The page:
These will be existential shocks. A robust world network might tolerate these reasonably well, but a world network made weaker by the riotous spread of non-state actors may struggle. The downside we face is not that globalization will come crashing down. Rather it is that our world may begin to look increasingly like the world of Late Antiquity.
Image source here.

Monday, September 7, 2009

Solidarity Forever

When the union's inspiration through the workers' blood shall run

There can be no power greater anywhere beneath the sun;

Yet what force on earth is weaker than the feeble strength of one --

But the union makes us strong.

Solidarity forever,
Solidarity forever,
Solidarity forever,
For the union makes us strong.

They have taken untold millions that they never toiled to earn,
But without our brain and muscle not a single wheel can turn.
We can break their haughty power, gain our freedom when we learn
That the union makes us strong.

In our hands is placed a power grater than their hoarded gold,
Greater than the might of armies, magnified a thousand-fold.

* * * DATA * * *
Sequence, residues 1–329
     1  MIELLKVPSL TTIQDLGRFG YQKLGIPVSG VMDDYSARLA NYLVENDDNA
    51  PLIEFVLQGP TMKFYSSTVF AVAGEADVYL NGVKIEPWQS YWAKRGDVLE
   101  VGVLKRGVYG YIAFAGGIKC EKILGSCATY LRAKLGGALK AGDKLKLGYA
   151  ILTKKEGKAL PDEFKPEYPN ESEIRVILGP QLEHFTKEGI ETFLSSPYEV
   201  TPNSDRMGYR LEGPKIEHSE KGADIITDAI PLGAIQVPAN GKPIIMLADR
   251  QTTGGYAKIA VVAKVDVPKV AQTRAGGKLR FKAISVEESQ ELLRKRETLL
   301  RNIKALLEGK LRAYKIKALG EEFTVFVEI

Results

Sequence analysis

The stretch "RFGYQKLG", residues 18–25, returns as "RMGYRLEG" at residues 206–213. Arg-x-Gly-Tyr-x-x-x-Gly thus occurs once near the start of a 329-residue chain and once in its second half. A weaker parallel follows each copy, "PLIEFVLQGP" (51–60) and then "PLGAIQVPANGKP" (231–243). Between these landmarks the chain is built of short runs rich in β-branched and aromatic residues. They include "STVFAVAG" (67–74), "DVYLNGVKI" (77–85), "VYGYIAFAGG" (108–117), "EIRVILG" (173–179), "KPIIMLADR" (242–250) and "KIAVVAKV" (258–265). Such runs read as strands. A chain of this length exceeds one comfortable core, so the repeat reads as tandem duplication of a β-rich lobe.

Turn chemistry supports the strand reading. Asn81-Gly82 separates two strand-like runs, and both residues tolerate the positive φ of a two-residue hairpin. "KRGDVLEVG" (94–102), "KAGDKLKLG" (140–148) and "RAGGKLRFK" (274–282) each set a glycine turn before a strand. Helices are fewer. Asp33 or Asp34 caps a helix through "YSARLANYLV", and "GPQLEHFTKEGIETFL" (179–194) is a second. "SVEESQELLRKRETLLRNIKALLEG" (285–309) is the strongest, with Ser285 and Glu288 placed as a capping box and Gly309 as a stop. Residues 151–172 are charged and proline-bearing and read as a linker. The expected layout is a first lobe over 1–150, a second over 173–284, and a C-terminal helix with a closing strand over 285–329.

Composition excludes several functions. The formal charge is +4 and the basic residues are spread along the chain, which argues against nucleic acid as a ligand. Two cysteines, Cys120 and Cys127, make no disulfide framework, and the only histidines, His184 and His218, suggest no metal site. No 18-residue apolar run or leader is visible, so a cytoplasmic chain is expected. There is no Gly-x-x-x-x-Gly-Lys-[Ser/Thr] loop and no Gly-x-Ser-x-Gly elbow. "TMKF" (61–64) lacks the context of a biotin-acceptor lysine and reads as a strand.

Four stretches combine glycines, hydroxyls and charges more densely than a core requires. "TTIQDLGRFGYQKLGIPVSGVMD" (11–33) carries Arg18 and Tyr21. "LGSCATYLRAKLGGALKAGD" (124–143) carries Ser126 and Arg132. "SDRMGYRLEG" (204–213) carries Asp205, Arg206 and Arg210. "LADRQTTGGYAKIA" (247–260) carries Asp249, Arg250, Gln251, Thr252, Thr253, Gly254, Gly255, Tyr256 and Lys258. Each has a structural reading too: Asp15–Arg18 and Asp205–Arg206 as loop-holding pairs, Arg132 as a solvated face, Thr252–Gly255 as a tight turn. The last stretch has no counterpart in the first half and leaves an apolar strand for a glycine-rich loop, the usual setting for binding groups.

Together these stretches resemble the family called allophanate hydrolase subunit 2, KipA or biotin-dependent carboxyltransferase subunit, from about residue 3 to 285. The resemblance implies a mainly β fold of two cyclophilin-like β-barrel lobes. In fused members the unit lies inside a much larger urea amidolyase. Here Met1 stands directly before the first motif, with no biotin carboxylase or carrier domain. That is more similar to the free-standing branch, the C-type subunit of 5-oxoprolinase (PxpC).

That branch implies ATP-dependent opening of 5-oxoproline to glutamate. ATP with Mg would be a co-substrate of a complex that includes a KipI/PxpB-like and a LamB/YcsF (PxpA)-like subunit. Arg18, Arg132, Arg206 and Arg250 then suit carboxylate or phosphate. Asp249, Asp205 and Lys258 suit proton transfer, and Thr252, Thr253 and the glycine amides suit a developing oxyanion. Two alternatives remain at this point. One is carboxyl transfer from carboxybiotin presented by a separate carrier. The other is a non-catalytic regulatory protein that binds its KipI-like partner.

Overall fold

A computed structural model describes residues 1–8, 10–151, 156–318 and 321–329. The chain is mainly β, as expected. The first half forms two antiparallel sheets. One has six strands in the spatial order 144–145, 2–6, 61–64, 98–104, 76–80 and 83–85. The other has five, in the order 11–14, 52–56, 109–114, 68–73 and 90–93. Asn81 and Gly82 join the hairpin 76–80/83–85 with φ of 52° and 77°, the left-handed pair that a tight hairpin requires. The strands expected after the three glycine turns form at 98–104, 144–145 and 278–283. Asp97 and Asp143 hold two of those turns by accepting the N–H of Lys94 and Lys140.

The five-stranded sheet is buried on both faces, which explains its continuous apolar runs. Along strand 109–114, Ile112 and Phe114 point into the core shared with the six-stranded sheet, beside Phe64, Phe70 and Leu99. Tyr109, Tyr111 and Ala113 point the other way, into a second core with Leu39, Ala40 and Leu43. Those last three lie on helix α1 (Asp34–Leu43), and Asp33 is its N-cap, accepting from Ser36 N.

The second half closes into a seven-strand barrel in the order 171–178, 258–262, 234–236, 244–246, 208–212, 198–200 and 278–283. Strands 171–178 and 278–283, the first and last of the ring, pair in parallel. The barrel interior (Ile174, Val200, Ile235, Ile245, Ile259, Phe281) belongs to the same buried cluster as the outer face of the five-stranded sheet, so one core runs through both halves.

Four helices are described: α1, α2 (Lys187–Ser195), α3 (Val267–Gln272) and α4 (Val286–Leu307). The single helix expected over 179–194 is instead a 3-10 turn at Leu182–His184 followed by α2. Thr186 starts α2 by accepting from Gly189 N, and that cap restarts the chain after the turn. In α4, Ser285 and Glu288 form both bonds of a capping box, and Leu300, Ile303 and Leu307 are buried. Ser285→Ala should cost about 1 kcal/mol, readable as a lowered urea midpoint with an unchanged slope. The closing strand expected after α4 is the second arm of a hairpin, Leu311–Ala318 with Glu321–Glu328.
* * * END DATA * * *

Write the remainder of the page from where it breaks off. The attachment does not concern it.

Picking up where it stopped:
We can bring to birth a new world from the ashes of the old
For the union makes us strong.

-- Ralph Chaplin, 1915
Image source here.

Sunday, September 6, 2009

'Only one culprit for the warming Arctic'

Canadian Press:
A groundbreaking study that traces Arctic temperatures further back than ever before... provides real-world evidence to back mathematical climate models that suggest greenhouse gases are behind global warming.

'There are no other forcing factors at work other than the greenhouse gas composition of the atmosphere that could explain the dramatic warming that took place,' said Darrell Kaufman, the paper's lead author...

Kaufman and nearly three dozen scientists used data from tree rings, lake sediments and glacial ice deposits from 23 sites around the circumpolar world to track average summer temperatures for every decade of the last two millennia -- 1,600 years longer than had ever been done before...